Tuesday, October 30, 2007

Poverty and Education in the South

With rising poverty rates, more than 50% of public school students in the South are now considered poor. In Kentucky, it's 50% on the nose.

So, what's being done about it? More early childhood education.
One Southern strategy gaining momentum is strengthening early-childhood education. In at at least 12 Southern states, including Georgia, Kentucky and Mississippi, the number of 4-year-olds enrolled in state pre-K programs or Head
Start is greater than the number of 4-year-olds in poverty, according to the Southern Regional Education Board.
I just heard a story about Kentucky gubernatorial candidate Steve Breshear wanting to put an emphasis on pre-school education as well. That's good as far as it goes, but the positive affects of pre-school can be lost unless schools make education more appealing to poor children than the alternatives. From my experience in Kentucky, I have some observations about the disadvantages of poor kids compared to middle class and upper-middle class kids in relation to education. The parents of poor kids tend not to push their children to excel in school as much as higher-income parents. They also have less in the way of books, magazines, computers, musical diversity, and other "educational" items in their homes. Likewise, the parents of poor kids don't take the same advantage of local cultural events like the Cave Run Storytelling Festival in this area and don't take the same kinds of "educational" trips to museums and historical sites out of their states either.

But the rubber meets the road when children encounter alternative "anti-education" cultures in middle school. In my part of Kentucky, students encounter a variety of peer sub-cultures that oppose educational values. Those sub-cultures range include the sex and drug sub-culture, the local lake, cruising, and fishing and can also include sports and religion. The question is whether the family environment reinforces the cultural values of education or whether the family environment reinforces anti-education peer values. With poorer families in Kentucky, the overriding value on family solidarity often works in opposition to a focus on education. It also might be the case that poorer families don't have the credibility with their children required to counter-act the anti-educational thrust of many peer groups.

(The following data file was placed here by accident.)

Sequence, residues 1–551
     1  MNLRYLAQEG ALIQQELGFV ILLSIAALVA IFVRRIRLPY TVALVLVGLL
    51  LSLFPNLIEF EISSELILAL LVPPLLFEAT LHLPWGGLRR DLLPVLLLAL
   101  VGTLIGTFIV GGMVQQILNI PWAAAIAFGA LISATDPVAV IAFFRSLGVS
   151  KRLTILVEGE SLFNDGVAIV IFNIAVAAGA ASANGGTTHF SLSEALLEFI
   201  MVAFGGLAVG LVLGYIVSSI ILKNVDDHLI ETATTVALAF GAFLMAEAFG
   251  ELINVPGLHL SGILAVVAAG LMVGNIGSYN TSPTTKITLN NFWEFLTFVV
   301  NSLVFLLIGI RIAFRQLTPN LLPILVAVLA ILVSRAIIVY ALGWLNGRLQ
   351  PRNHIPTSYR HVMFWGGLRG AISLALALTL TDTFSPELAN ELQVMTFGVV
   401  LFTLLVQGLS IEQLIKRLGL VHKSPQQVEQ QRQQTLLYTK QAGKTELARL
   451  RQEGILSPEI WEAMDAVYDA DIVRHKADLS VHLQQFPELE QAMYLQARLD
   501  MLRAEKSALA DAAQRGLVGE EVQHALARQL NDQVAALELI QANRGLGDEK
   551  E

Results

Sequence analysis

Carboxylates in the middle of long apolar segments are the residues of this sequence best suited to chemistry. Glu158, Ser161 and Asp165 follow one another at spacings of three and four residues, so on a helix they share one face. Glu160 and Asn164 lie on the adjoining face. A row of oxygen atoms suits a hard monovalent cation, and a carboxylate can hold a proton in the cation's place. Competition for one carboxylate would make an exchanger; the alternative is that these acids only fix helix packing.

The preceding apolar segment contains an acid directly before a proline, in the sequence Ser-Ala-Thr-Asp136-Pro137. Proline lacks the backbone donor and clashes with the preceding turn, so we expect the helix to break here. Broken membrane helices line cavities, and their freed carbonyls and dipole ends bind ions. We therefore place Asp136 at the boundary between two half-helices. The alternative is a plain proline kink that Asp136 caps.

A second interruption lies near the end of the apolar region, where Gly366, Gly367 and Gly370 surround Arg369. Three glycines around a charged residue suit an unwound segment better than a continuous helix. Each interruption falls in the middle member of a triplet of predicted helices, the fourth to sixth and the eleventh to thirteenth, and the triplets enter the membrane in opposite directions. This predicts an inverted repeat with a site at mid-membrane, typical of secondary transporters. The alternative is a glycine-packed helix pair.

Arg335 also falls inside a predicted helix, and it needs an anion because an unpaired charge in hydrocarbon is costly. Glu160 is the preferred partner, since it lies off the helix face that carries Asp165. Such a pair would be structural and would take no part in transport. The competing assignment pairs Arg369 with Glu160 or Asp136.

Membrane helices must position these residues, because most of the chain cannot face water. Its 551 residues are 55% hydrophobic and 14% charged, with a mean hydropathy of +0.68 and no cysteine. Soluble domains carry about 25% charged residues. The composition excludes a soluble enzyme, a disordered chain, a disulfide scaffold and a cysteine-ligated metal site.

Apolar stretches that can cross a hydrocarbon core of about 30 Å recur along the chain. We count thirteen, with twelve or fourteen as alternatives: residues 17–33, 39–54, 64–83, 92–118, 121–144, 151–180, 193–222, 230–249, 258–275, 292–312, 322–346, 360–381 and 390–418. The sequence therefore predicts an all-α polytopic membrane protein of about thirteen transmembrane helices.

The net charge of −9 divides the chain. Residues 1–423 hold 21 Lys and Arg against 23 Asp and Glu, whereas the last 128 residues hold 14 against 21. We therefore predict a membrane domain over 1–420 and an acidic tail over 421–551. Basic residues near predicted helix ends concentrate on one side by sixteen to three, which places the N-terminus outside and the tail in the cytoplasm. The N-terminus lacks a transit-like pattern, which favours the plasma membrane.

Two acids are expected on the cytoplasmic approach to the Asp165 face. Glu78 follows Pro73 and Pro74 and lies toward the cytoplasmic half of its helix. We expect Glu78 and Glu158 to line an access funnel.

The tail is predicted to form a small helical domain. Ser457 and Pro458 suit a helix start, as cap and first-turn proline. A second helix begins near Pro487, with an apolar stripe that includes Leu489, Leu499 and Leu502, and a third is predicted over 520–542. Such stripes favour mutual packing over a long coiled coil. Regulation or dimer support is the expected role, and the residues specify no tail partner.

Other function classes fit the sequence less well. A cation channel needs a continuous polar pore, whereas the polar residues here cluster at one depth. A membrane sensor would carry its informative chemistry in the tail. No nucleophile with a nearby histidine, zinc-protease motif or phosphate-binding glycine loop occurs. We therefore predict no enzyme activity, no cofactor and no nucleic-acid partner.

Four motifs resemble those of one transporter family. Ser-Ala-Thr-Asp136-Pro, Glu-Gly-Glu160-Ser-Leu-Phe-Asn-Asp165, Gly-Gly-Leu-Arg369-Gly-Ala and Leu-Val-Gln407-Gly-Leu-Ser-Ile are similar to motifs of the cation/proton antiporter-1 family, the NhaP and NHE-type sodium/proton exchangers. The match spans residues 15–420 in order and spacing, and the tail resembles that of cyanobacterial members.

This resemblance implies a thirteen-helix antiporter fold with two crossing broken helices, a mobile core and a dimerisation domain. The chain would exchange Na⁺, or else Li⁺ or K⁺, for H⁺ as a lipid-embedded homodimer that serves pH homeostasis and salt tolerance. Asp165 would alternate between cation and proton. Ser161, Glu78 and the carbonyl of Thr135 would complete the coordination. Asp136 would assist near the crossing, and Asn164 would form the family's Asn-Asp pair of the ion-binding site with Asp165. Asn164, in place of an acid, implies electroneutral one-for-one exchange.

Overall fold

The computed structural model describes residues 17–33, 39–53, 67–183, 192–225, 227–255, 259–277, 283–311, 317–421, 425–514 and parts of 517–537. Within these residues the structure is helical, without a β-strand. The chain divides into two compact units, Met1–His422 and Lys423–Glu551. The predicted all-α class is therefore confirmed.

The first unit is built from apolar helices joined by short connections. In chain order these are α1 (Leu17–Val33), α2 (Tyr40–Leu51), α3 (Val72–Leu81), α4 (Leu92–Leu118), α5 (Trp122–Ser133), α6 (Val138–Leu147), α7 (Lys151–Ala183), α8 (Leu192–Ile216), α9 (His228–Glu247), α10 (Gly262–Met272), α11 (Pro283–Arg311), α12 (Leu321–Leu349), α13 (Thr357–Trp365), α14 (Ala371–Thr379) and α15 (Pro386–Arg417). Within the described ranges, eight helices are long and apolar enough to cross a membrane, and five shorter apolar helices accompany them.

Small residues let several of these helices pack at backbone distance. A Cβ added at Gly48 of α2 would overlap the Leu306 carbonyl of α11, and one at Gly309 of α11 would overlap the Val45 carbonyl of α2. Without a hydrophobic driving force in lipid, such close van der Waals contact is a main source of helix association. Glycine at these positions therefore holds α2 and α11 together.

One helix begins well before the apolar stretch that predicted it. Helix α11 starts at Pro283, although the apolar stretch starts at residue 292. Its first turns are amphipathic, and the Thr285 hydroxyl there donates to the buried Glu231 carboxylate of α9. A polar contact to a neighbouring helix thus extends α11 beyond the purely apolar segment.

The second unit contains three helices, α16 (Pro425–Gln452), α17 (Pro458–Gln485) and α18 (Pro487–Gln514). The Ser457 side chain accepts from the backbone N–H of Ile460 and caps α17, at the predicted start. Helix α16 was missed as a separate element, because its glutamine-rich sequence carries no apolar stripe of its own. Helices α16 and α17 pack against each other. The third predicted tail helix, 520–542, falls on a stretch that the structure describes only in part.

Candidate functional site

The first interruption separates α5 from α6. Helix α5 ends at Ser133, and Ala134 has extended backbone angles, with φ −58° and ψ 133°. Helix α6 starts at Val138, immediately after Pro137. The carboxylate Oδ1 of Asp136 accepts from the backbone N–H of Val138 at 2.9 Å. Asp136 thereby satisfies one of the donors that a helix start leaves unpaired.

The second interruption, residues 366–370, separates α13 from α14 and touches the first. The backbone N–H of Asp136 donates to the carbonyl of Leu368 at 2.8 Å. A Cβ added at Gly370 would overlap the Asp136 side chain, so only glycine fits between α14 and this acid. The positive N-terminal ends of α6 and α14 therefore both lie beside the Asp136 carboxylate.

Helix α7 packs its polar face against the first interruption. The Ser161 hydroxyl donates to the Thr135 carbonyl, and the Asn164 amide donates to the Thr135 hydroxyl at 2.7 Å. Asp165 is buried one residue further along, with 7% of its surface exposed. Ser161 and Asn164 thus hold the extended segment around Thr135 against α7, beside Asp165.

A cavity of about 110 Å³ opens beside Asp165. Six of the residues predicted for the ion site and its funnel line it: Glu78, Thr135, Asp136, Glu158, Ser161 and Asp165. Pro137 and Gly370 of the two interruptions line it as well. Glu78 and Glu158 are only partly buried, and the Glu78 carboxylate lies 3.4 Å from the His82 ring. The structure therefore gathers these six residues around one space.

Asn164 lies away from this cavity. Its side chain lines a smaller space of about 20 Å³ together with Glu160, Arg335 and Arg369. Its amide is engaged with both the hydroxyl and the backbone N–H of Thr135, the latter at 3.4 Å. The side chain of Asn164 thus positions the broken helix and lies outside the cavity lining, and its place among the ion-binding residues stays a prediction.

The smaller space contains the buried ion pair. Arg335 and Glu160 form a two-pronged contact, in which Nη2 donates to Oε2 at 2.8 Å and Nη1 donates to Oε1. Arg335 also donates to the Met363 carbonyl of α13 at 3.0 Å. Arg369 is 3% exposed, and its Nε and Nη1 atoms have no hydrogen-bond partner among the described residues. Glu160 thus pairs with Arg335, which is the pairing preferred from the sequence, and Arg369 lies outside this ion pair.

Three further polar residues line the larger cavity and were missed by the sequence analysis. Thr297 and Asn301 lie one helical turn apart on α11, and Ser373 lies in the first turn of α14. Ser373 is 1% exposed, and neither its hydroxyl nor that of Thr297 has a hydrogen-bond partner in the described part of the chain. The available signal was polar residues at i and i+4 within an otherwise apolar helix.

If public schools in high-poverty areas like the South want to keep poorer kids on track, they need to figure out ways to better counter-act peer cultures. They need to hire better teachers, buy better educational materials, do more field trips, and in general work out strategies for making school activities more imperative. All of this takes a lot of money and well-spent money at that. Of course, there are charismatic teachers like Jaime Escalante who can work miracles on their own. Like most people, however, most teachers don't have that kind of talent, drive, and commitment. Ultimately, communities and states have to decide to invest the kinds of resources in education that are needed to induce poorer kids to keep up.

But this is where the South most fails it's children. Instead of spending more money on education than the wealthier states, the South spends less.
In 2000, Mississippi's highest per pupil expenditures were $5,631. Connecticut's lowest per pupil expenditure for the same year was $8,030.
This is the opposite of what it should be. The education of poor children will continue to lag in the South as long as the region is not spending significantly more per pupil than a wealthier state like Connecticut.

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